One can follow the paths of heresy and distortion of Torah straight to the door of Yeshivat Maharat. As Yeshivat Maharat’s graduates and students now begin to publish essays about women in the rabbinate and the role of women as halachic authorities (see, for example, and a whole collection of related writings), the very problematic message of personal subjectivity in Halacha rather than submission to the objective Divine halachic mandate is very clear. These Yeshivat Maharat writings approach Torah She-b’al Peh as a misogynistic, man-made body of laws that egregiously lack women’s input, arguing that women’s voices must contribute in order to (re)shape Halacha. Halacha is denigrated in this Yeshivat Maharat literature as an unfair system that needs female input in order to become equitable, with the Yeshivat Maharat literature glorifying the Maharat women as comparable to heroic abortionists fighting for women’s rights in an oppressive male-dominated society.

This halachic subjectivism, distorted understanding and disparagement of Torah She-b’al Peh are precisely what the Conservative movement has historically invoked in justifying its gradual abandonment of Halacha, and are extremely antithetical to Orthodox belief. Disparagement of the Chachmei Ha-Mesorah as misguided chauvinists, as the Yeshivat Maharat literature presents things, is outright heresy, as shown here in the thought of Rav Soloveitchik zt”l, and here and undermines any sense of belief and real acceptance of Torah law.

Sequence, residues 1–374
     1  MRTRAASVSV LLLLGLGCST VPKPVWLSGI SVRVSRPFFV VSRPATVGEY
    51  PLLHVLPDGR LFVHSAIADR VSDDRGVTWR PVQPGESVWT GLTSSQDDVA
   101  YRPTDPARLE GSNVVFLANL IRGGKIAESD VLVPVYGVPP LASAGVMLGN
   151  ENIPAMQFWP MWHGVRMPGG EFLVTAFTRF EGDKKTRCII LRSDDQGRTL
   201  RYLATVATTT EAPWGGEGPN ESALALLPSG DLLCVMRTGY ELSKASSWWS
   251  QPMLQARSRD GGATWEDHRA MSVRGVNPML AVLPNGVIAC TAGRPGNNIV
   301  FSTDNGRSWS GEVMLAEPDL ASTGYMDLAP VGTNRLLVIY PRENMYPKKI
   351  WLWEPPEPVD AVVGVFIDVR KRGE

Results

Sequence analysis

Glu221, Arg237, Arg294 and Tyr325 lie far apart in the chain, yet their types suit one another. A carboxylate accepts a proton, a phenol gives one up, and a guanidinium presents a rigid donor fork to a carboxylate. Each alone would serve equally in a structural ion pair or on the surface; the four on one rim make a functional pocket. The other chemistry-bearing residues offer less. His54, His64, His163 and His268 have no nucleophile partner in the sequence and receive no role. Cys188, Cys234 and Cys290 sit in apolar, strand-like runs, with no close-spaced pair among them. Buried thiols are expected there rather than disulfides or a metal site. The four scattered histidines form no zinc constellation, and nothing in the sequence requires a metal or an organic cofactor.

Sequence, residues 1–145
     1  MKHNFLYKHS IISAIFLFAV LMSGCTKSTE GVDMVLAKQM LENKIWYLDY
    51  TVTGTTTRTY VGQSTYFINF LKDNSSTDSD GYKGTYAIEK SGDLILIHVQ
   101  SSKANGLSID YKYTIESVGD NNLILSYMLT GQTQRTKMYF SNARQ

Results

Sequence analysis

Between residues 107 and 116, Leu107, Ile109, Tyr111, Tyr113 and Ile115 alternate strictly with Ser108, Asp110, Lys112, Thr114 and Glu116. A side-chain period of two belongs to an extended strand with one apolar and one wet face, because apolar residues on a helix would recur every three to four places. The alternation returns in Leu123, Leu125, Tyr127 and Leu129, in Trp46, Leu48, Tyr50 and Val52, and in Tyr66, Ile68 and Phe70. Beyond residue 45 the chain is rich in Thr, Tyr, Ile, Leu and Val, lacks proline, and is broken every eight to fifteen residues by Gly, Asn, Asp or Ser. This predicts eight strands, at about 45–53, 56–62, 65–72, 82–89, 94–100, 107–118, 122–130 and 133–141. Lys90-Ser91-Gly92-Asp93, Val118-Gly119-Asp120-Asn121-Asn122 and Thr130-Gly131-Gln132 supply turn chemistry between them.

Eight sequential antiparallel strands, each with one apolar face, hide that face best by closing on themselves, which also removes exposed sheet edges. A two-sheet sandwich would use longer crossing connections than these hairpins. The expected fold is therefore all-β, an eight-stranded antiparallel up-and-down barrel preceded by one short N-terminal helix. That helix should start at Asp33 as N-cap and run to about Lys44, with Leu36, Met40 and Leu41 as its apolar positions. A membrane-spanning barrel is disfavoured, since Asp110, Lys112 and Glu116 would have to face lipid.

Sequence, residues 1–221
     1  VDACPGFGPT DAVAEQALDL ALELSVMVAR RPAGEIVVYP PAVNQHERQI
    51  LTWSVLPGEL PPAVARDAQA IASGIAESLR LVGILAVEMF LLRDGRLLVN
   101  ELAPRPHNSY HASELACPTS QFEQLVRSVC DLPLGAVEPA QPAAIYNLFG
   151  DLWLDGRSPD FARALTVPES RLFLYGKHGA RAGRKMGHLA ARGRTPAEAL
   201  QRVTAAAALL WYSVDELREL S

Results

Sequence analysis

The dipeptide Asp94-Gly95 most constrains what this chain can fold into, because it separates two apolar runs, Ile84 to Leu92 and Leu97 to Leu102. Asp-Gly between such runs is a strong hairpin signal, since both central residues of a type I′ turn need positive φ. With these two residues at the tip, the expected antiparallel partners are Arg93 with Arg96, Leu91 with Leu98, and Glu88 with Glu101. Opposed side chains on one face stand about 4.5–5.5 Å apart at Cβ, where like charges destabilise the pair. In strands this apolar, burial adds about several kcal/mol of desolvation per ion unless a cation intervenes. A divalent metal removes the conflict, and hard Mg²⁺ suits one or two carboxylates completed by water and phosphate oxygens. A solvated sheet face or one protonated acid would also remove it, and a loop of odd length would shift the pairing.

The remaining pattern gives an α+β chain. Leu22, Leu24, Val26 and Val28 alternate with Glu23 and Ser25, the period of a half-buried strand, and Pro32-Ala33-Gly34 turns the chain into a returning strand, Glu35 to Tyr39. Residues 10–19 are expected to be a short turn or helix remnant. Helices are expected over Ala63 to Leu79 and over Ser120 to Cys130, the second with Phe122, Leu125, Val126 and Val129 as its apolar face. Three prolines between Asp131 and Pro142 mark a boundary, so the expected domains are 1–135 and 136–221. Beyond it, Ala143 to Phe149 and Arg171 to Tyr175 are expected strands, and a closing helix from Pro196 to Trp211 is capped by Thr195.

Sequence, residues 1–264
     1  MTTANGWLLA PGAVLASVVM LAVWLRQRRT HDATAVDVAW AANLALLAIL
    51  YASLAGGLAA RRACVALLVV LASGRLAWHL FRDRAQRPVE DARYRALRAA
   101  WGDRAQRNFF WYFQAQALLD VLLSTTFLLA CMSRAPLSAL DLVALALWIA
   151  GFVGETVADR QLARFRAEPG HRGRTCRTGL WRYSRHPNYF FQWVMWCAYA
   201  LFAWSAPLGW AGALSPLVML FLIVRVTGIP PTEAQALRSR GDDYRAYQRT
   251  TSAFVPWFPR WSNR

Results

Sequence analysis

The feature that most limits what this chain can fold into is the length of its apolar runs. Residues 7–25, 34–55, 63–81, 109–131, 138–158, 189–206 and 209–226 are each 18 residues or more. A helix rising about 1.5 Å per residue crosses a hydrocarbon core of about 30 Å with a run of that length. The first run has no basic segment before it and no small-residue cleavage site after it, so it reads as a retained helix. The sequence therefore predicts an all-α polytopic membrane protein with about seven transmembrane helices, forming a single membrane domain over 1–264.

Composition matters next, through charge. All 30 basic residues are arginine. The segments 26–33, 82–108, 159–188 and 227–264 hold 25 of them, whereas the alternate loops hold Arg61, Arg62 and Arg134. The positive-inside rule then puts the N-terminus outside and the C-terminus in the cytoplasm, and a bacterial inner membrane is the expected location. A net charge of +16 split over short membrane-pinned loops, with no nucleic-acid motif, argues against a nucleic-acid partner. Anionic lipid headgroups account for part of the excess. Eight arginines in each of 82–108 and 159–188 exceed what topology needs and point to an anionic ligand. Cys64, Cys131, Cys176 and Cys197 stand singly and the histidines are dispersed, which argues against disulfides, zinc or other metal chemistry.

Whither does Open Orthodoxy view itself headed? These words from Rabbi Asher Lopatin, incoming president of YCT, are quite foreboding:

But my dream is to have Hebrew Union College, the Jewish Theological Seminary, Hadar, and Chovevei on one campus, to move in together. We’d each daven in our own ways, but it could transform the Upper West Side.

There is not much more to say. The path to total abandonment of Orthodoxy has been set in motion, and the ball is in the court of Open Orthodoxy’s leadership. Serious introspection and swift action are indeed needed.

Rabbi Avrohom Gordimer is a member of the Executive Committee of the Rabbinical Council of America and a member of the New York Bar.

[EDITOR’S NOTE: At some point between the time that the author completed his essay last evening on the East Coast and now, the text of one of the critical quotes in Rabbi Farber’s piece changed. We present the new version in the interest of fairness. Readers can compare them. Rabbi Gordimer will react to the change in a forthcoming comment.

Despite sharing many details with the desert story as told in Exodus and Numbers, there appears to be no way to make the two versions work with each other without unreasonably stretching the meaning of the texts. The simplest literary approach is the academic one which posits multiple authors with multiple traditions. How such an approach meshes with traditionalist belief requires serious thought but it is necessary to start by recognizing the simplicity and straightforwardness of the academic approach.]